And here is where the Trust Thermocline kicks in. Because too many people see service use as always following an arc. They think that as long as usage is ticking up, they can do what they like to cost and product. And (critically) that they can just react when the curve flattens

    But with a lot of CONTENT products (inc social media) that's not actually how it works. Because it doesn't account for sunk-cost lock-in. Users and readers will stick to what they know, and use, well beyond the point where they START to lose trust in it. And you won't see that.
     
    But they'll only MOVE when they hit the Trust Thermocline. The point where their lack of trust in the product to meet their needs, and the emotional investment they'd made in it, have finally been outweighed by the physical and emotional effort required to abandon it.
     
    At this point, I normally get asked something like: "So if we undo the last few changes and drop the price, we get them back?" And then I have to break the news that nope: that's not how it works. Because you're past the Thermocline now. You can't make them trust you again.
     
    Classic examples of this behaviour are digital subscription services, where the product gets squeezed over time, or print magazines (particularly in B2B) that constantly ramp up their prices a little bit each year until it's too late.
     
    Virtually the only way to avoid catastrophic drop-off from breaching the Trust Thermocline is NOT TO BREACH IT. I can count on one hand the times I've witnessed a company come back from it. And even they never reached previous heights.
     
    So what's the lesson for businesses here?
    - Watch for grumbling and LISTEN to it.
    - Don't assume that because people have swallowed a price or service change that'll swallow another one.
    - Treat user trust as a finite asset. Because it is."
    6
  • Nathanael King

    This is a disappointing, dumb move.  I already chose not to update to Capture One 23 because of the high upgrade price (although I upgrade EVERY previous version for the past several years).  And now I'm glad I didn't upgrade! You should fire the person making these decisions.  You're valuing a temporary profit while sacrificing brand loyalty.  I'm seriously considering moving to Lightroom or another raw processor.  I don't want another subscription, and I'm willing to pay for a good piece of software that offers reasonable upgrades.  Apparently, this is NOT describing Capture One.  Very disappointed.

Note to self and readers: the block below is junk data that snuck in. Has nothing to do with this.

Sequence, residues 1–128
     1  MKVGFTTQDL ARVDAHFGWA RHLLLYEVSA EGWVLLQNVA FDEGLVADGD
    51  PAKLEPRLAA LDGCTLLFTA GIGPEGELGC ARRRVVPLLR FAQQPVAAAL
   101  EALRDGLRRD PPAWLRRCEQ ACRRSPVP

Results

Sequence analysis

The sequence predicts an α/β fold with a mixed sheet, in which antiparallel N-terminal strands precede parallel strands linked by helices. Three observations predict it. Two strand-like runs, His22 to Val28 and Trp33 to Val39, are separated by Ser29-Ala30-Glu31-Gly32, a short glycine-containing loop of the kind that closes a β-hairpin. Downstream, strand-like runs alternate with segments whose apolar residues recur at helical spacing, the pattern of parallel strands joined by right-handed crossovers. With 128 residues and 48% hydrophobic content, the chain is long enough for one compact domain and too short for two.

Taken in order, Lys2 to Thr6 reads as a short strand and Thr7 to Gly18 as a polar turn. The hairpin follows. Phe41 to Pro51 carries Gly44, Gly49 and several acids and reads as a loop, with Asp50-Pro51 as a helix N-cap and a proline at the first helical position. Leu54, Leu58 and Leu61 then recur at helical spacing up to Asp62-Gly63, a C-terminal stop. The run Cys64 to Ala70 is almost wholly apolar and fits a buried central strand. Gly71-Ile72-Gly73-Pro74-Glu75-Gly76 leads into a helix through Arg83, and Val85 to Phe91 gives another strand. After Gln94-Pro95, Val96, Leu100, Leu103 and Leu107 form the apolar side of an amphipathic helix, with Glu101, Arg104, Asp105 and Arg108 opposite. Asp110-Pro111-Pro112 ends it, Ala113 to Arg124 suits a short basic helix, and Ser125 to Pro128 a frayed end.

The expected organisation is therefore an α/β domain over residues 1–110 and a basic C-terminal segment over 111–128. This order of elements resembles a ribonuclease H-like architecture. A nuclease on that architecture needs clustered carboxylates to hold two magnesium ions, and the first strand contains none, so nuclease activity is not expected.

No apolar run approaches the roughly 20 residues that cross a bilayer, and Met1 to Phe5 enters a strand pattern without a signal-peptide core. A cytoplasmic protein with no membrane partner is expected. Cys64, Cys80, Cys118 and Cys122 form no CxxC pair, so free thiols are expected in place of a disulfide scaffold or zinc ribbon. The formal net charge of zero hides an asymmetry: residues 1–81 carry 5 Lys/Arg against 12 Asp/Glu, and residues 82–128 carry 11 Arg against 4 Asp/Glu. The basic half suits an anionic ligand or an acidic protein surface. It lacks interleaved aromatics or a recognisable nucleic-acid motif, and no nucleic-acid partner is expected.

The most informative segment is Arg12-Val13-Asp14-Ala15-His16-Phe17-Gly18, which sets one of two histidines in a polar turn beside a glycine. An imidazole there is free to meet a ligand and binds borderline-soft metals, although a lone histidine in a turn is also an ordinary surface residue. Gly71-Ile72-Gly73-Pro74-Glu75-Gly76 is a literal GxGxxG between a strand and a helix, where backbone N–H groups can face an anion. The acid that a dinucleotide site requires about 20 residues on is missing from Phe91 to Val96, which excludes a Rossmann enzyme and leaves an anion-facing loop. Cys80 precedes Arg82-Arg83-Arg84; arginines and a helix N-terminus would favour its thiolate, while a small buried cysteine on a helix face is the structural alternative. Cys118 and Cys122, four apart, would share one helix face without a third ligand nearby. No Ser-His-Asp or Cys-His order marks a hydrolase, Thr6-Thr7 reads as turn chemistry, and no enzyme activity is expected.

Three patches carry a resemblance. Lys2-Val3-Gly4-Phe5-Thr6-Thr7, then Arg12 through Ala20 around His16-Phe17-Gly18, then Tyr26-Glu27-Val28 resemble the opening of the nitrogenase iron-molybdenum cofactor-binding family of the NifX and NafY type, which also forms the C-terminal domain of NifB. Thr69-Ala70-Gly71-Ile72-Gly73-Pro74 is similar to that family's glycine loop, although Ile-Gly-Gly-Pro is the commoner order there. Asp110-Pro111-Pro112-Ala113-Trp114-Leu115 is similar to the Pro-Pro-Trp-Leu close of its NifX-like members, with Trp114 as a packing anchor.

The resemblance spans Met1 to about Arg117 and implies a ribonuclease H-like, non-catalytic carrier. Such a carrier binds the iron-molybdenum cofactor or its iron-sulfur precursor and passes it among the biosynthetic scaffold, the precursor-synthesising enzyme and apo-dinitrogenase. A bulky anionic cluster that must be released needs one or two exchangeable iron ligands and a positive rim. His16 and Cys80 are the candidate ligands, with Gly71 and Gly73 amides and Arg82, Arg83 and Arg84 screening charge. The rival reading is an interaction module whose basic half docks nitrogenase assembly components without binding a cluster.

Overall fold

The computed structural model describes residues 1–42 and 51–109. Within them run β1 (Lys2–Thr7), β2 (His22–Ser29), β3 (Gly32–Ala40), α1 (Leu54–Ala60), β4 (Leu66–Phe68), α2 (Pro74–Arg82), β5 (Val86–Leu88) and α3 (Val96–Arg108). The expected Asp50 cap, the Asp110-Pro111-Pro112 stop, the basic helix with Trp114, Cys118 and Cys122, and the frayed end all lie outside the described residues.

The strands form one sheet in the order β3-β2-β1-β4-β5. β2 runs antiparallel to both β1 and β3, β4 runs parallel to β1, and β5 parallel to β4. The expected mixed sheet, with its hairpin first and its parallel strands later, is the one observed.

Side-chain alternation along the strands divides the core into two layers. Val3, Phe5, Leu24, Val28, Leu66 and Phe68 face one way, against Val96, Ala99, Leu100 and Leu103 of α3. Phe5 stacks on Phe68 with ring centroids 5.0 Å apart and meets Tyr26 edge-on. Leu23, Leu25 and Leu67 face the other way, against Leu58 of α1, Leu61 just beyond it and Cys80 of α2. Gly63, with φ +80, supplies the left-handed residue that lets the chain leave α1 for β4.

11
  • Ian Farlow

    Capture One would do well to look up Trust Thermocline, read about it, and understand it before it's too late.

    9
  • Steve Oakley

    I left adobe due to subscriptionware. C1 was the best solution at the time. Now its going to go to the dust bin once the perpetual lic ver stops running a few years down the road. CS6 surprisingly ran for at least 6 years for some folks, but I'll be happy to get 3 or so and move to something else. I really hate C1's workflow of spraying files EVERYWHERE on my drives rather than having a central caching location I can manage. just one more thing to deal with. I won't miss that problem. The question is what will I move to that supports Fuji well ?

    @C1 i think your consulting firm who told you that you'll loose maybe 10% of your customers but make it up by year 2 with more revenue really didn't understand how many customers you have that don't want subscriptionware. You are going to kill your business because if I have no choice but to pay a subscription, I'll go back to adobe as its a better value. Or try something else that isn't going to want money from me every month.

    12
  • Jean-Claude Cajolet

    The cost for the last update with the perpetual licence is really high for what it's offered. At the beginning, I bought a perpetual licence because I thought it could cost less. I also have PS for things that I cannot do with C1, so from now on, I won't go in this new way of money maker and as long as I can do what I want with C1, I'll keep it at version 22 but slowly I'll go back to LR and PS, a bit longer as workflow but it's shorter on the wallet.

    9
  • daniele ponticello

    After years on LR, I abandoned Adobe for you. I was and still I am displeased with the subscription.

    Now this stab.

    I know you don't give a damn about an anonymous comment like mine, but after years of being a happy CO user, I want to vomit all my disappointment for this behavior on you. Shame on you !

    I'm happy with my intuition not to upgrade to CO23. As long as it goes, I'll continue with CO22.

    But this is a goodbye.

    For me you can fail.

    11
  • Francis Carbajal

    I’m going to be honest here.

    I became a C1 user when I won a C1 8 license from a raffle. Until that point I had less-than-legally used LR and various Adobe products for years, as had many students (and some professionals.) Until this point I had been buying perpetual licenses every other year, despite leaving professional photography years ago, because I felt that C1 was a better product and a better business model. Can you imagine having that much of an impact on a costumer? To have them continuously support your business despite no longer needing your product or services.

    I’m fortunate. I can walk away no problem. But I urge you to reconsider. Your customers don’t need Adobe Lite or the investment firm who bought you, your customers need Capture One.

    8
  • Weldon Thomson

    Already foolish enough to fall for upgrading to 23 less than a month after buying 22, I like Capture 1 but, now, I am regretting my purchase. I can’t see how this will help the business, there is a lot of competitive non-subscription products that are also pretty good (and even Lightroom is way better now) and getting better all the time, even for Fujifilm files.

    11
  • Tim Ovens

    You write: "Many of you have expressed a desire for us to make changes faster and to implement features more quickly."